indicating germinal vesical breakdown, proper color, jelly coat and cell shape before
De-iellv Xenopus laevis Eggs
Eggs were collected in 0.1 M NaCl solution. The eggs were incubated in 2% cysteine
solution (4g/l cysteine, 200ml dH20, pH 8 w/ pH paper) for 15 minutes. The eggs
were then rinsed 3 times with rinse solution (0.1M NaCl, 0.05M Tris, pH 7). The
eggs were then rinsed twice with 100% MBS and held until ready for use. When
ready for use, the eggs were rinsed with 10%MBS to activate.
Xenopus laevis sperm
Xenopus laevis males were obtained from Xenopus One (Ann Arbor, MI) or Xenopus
Express (Homosassa, FL) and maintained on a diet of 1.5 grams of ground beef heart
three times per week. On day of use a male frog was placed on ice for 15-20 minutes
and sacrificed by guillotine. The testicles were removed, cleaned of blood and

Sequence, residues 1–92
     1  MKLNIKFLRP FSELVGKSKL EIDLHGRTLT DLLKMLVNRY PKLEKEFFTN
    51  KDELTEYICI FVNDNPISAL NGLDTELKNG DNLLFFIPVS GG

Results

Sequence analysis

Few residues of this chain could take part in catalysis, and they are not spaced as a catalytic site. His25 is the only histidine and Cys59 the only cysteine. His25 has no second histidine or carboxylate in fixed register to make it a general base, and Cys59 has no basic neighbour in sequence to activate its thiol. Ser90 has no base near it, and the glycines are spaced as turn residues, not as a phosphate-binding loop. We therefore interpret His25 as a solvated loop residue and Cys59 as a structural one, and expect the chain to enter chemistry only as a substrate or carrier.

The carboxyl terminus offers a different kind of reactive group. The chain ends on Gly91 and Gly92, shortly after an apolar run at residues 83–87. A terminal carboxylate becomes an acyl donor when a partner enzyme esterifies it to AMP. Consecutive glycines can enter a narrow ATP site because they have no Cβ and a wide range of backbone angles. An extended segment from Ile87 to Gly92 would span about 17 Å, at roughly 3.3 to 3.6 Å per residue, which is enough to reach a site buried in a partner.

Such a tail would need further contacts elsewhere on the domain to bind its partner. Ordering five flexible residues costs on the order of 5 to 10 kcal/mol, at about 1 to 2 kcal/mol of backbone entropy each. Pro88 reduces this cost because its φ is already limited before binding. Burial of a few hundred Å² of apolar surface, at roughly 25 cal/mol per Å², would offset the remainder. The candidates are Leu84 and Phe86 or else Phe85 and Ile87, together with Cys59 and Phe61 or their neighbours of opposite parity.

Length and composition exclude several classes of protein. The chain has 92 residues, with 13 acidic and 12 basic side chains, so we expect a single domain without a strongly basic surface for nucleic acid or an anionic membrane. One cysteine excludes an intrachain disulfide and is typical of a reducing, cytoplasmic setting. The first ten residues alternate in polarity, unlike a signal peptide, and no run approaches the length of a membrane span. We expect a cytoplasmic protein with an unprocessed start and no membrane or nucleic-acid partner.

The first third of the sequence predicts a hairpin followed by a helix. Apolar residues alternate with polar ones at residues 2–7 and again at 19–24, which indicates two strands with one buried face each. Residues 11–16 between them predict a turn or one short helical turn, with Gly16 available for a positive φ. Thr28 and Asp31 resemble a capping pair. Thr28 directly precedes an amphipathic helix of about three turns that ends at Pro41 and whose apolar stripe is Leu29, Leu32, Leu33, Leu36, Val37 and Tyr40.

mesenteric fat, and placed in 100%MBS at room temperature. The testicles were
placed in a small dish with 2400/il of 100% MBS and minced as small as possible.
To make sure the eggs, sperm and solutions were working properly, control
fertilizations were performed. Twenty eggs were placed into a dish with 100% MBS.
The MBS was removed and to activate the eggs, they were rinsed twice with 10%
MBS. Again, the excess MBS was removed and 1ml of 10% MBS was added to the
eggs along with 167^1 of the sperm solution. A timer was started and the number of
eggs with the animal pole facing up was recorded. After 10 minutes, the eggs were